best reards, Bill

Re: My trip to NARA (College Park)

Posted: Thu Aug 05, 2010 10:06 am
by Piet Duits
Next thursday, I will be going to the Bundesarchiv-Militärarchiv in Freiburg.
Only one day, more free time is not allowed by Her In Command :-)

Due to a major rebuilding of the old reading room, the reading room has been moved up in the flat ("Hochhaus"), limiting the number of researchers by more than half.
I'll try to write a simular story as from Tom about my visit.

Re: My trip to NARA (College Park)

Posted: Thu Aug 05, 2010 12:30 pm
by Richard Hargreaves
Piet Duits wrote:Next thursday, I will be going to the Bundesarchiv-Militärarchiv in Freiburg.
Only one day, more free time is not allowed by Her In Command :-)

Due to a major rebuilding of the old reading room, the reading room has been moved up in the flat ("Hochhaus"), limiting the number of researchers by more than half.
I'll try to write a simular story as from Tom about my visit.
The last time I was a BA-MA the place had the feeling of a ghost ship: minimal staff (always very helpful and friendly), material took ages to turn up and quite a lot of the bound Findbücher volumes (I much prefer those to the computer version...) were missing. :( Sadly the scary middle-aged Frau who walks around saying "Achtung" a lot wasn't... :shock:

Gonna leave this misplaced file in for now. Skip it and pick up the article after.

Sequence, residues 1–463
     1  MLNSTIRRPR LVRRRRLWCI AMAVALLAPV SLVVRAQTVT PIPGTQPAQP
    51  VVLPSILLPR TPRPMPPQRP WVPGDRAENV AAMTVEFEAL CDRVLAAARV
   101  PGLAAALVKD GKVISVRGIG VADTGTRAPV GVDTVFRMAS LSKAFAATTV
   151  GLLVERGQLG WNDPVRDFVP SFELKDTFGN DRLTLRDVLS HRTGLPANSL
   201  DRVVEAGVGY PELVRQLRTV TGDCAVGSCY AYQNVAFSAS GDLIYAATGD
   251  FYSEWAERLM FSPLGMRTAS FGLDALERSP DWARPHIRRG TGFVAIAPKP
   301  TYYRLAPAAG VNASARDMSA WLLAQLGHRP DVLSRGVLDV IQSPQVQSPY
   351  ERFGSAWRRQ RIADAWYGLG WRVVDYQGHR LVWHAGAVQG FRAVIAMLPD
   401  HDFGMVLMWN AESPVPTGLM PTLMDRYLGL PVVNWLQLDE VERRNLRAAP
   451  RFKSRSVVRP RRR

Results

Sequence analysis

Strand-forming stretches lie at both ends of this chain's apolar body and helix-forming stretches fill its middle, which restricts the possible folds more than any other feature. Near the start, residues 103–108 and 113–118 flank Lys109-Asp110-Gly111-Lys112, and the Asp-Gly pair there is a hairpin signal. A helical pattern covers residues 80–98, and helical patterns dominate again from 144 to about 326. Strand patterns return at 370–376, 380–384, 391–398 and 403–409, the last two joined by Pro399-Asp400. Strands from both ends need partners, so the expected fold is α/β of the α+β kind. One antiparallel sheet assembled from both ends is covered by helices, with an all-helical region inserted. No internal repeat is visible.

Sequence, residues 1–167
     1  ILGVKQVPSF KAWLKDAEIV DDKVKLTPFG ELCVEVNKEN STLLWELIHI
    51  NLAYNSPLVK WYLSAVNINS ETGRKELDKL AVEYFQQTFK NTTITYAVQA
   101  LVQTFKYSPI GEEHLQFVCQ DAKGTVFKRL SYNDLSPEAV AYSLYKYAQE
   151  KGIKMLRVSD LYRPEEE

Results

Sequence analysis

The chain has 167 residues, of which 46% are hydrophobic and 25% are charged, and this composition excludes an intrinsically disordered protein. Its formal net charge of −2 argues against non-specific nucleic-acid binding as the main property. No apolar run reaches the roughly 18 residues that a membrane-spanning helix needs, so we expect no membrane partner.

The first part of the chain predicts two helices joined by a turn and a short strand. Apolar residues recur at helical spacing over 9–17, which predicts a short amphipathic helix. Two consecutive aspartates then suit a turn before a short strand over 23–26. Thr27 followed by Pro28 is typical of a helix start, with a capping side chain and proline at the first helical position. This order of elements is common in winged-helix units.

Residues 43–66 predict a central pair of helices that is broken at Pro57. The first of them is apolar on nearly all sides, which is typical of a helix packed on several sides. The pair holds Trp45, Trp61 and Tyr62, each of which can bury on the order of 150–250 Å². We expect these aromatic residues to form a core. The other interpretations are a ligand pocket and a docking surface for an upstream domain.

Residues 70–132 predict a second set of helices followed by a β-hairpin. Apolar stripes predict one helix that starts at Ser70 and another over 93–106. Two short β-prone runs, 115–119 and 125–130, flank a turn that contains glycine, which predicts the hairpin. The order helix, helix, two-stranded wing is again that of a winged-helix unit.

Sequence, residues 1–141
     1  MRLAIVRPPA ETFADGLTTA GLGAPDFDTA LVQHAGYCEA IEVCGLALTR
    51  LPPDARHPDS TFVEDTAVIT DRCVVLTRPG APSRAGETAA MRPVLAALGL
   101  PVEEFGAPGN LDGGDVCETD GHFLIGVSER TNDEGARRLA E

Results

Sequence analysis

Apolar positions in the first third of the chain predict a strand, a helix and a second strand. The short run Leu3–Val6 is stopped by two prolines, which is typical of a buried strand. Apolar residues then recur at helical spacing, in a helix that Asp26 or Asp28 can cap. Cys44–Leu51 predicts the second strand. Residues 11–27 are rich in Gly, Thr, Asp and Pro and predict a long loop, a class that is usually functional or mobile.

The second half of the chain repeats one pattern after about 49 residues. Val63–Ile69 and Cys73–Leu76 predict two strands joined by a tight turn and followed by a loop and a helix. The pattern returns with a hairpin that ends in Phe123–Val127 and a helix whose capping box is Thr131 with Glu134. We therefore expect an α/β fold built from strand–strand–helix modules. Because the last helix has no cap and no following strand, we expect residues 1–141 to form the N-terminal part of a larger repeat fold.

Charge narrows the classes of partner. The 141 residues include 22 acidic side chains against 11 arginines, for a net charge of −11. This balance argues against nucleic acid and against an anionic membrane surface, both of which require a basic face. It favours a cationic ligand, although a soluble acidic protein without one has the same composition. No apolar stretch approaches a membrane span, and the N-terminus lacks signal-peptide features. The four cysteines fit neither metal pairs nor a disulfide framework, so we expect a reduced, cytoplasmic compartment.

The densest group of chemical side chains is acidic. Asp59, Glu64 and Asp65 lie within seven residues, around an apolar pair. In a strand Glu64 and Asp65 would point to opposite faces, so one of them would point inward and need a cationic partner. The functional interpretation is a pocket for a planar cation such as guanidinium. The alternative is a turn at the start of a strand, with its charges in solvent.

I've always tried to order as much as possible in advance so it's there waiting for me... rather than me waiting for it. :D

There was talk at the time of moving BA-MA to another location (possibly Berlin or Potsdam). It sounds like that's been put on hold then.

Re: My trip to NARA (College Park)

Posted: Thu Aug 05, 2010 1:49 pm
by Stephan H.
So I know this thread was supposed to be about the NARA, but I do have a comment/question about the BAMA. When I was doing research on Bloody Streets, I was told by the BAMA that significant documents on Volkssturm operations were housed in an Annex in Postdam (I think this was the location). Even though they offered to arrange a visit for me when I was in Berlin, I unfortunately didn't have time to visit. Anyone else been there? Any feedback on what they house in their archives? I haven't found anyone who has been there yet.

Otherwise, excellent thread Tom!


Re: My trip to NARA (College Park)

Posted: Thu Aug 05, 2010 2:02 pm